What are the main differences between the two candidates with regard to international trade?

Recession tends to place a spotlight on trade flows, as nations consider protections and promotions as a means of improving their domestic performance.  These steps often prompt retaliation, which can leave all of the affected economies worse off.

Trade is often viewed as a threat to domestic growth...Both Presidential candidates are supportive of forging better trade relations with the various trading partners of the United States.  The Obama administration has taken the initiative to pursue the Trans-Pacific Partnership, while Governor Romney has expressed interest in completion of this negotiation.  The current administration is also engaged in the possibility of free trade with the European Union (EU).  Governor Romney has also indicated interest in not only a bilateral deal with the EU but also to extend the umbrella to multilateral trade agreements among nations committed to free trade.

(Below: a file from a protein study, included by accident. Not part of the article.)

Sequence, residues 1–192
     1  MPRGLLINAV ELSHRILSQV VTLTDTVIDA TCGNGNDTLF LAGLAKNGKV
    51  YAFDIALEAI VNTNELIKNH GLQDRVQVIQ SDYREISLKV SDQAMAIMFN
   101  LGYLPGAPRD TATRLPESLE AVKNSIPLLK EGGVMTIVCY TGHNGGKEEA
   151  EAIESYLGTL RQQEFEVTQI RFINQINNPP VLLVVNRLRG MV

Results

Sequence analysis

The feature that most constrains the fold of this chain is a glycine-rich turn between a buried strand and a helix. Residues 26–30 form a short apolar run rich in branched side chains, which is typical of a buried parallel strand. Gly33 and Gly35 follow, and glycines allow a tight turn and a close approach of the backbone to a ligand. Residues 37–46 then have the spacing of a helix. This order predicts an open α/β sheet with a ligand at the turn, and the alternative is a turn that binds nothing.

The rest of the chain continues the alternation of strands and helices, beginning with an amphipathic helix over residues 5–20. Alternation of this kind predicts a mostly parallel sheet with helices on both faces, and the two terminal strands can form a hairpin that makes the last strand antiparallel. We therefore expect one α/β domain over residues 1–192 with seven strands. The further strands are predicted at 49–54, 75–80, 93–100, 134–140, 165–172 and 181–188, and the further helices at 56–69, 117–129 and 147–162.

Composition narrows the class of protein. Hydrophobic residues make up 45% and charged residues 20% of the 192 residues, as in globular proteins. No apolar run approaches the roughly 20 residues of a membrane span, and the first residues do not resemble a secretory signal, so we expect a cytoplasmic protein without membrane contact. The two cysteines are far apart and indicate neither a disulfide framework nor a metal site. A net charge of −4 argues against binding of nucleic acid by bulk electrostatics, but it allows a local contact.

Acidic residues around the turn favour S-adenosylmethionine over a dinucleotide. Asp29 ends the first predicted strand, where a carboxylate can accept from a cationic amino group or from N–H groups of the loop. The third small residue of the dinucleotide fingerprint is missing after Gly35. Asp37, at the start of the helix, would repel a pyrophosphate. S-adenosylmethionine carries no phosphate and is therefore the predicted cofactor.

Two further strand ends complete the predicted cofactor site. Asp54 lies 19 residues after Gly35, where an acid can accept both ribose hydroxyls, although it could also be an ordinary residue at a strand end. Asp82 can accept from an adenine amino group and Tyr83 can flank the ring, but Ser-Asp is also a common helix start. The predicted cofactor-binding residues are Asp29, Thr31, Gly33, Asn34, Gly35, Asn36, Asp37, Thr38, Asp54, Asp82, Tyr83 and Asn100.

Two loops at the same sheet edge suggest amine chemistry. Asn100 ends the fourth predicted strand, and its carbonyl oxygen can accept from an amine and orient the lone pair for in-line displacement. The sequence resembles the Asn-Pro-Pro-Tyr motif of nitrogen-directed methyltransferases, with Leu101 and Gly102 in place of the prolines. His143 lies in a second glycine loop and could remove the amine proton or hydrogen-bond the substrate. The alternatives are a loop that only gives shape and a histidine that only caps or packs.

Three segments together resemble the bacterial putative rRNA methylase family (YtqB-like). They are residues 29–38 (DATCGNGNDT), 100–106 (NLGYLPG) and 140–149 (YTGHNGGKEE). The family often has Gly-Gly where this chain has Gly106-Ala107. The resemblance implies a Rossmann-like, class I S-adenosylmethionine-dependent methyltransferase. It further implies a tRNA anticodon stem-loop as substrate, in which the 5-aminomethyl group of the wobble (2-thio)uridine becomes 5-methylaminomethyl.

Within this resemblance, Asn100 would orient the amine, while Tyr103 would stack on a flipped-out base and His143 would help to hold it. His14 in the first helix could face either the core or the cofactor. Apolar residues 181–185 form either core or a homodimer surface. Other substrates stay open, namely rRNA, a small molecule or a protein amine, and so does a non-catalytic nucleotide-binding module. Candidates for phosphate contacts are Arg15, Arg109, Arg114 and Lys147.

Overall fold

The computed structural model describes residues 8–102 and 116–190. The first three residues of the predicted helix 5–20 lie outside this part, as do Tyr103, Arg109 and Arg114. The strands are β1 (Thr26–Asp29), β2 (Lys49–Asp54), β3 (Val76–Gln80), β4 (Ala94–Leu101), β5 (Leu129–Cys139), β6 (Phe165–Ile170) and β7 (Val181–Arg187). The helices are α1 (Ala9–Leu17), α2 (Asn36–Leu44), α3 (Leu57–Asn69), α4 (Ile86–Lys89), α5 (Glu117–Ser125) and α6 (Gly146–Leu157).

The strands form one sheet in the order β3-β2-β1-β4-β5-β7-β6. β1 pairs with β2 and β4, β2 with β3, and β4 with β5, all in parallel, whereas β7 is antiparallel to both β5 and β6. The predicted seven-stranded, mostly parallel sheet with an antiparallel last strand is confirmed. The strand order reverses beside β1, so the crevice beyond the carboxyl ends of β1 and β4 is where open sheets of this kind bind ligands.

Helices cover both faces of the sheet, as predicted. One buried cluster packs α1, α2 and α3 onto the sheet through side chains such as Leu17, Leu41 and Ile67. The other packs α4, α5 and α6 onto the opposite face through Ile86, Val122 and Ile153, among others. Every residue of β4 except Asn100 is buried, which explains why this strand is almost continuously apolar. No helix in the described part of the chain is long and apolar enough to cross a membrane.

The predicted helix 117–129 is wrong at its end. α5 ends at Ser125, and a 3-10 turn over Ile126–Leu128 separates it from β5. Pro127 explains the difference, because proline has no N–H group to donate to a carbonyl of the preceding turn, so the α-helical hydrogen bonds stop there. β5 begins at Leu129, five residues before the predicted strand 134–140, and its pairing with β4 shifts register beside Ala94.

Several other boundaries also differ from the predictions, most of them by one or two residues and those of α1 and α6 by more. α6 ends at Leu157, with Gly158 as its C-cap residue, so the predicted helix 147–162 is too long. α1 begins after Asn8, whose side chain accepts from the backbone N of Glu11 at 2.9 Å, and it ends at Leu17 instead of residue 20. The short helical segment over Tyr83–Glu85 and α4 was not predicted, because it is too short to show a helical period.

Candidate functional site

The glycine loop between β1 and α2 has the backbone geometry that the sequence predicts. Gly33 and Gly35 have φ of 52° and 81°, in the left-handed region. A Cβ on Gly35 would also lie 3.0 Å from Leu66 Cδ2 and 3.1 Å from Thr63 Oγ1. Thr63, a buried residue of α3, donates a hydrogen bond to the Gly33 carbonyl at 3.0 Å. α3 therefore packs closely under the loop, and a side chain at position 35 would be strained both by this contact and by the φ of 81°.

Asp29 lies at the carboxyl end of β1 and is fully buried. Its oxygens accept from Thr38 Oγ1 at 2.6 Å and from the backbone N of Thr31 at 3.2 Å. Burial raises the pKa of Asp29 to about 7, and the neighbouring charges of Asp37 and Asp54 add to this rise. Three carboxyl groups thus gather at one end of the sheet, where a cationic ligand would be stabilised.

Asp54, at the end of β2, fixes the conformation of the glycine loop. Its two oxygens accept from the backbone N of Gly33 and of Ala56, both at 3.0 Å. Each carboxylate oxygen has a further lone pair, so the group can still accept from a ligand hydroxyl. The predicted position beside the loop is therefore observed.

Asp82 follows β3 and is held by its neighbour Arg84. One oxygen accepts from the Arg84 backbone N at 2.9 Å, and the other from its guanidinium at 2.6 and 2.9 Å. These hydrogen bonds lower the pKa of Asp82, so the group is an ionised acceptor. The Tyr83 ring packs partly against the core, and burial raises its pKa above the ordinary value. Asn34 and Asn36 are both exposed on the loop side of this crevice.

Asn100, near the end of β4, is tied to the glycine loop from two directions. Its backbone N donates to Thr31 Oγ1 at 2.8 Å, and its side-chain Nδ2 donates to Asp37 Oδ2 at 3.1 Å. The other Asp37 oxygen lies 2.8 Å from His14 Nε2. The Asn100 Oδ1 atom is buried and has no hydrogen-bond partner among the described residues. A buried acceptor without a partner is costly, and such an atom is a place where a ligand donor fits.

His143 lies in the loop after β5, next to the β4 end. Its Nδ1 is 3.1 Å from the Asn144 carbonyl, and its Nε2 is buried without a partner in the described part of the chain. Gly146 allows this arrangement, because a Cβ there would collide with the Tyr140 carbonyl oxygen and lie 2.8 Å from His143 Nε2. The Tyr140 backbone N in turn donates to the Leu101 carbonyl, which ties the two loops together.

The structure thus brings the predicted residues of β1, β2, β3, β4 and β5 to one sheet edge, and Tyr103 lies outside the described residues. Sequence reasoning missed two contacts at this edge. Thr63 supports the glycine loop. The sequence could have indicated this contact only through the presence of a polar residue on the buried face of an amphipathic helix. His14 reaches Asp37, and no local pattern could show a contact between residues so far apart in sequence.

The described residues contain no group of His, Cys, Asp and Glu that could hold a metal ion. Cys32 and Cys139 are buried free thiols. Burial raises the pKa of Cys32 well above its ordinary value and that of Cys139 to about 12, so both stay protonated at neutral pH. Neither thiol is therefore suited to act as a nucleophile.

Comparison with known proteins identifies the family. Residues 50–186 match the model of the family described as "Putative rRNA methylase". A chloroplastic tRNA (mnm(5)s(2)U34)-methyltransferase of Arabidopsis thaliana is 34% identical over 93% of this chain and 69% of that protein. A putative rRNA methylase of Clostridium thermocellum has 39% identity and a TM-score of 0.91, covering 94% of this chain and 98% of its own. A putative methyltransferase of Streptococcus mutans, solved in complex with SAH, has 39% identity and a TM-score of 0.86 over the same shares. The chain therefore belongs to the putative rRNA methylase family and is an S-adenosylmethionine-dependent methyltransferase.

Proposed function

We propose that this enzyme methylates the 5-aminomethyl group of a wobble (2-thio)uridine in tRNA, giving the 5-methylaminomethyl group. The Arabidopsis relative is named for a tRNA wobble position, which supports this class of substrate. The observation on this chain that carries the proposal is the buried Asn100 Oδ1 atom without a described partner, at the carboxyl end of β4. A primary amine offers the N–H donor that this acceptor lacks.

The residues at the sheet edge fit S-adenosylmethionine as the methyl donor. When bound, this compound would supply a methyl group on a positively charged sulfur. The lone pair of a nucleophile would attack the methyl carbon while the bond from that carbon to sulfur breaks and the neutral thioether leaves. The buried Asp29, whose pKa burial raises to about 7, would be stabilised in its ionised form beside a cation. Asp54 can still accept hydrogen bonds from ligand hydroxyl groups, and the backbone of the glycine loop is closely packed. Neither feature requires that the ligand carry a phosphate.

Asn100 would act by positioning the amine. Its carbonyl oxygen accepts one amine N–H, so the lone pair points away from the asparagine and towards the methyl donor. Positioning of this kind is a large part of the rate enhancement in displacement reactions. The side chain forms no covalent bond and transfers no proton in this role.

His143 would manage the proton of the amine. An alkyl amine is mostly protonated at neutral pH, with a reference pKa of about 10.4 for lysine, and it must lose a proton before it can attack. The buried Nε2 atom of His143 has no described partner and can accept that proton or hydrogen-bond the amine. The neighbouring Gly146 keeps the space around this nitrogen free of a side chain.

China is the major source of contention in the trade arena, as the US trade deficit vis-à-vis China has swollen in the past two decades.  The Obama administration has created a new trade enforcement agency to ensure China and other members of the WTO follow rules.  In Governor Romney’s opinion, the Obama administration has failed to adopt a sufficiently aggressive stance, and he has promised to bring a “fresh and fearless” approach.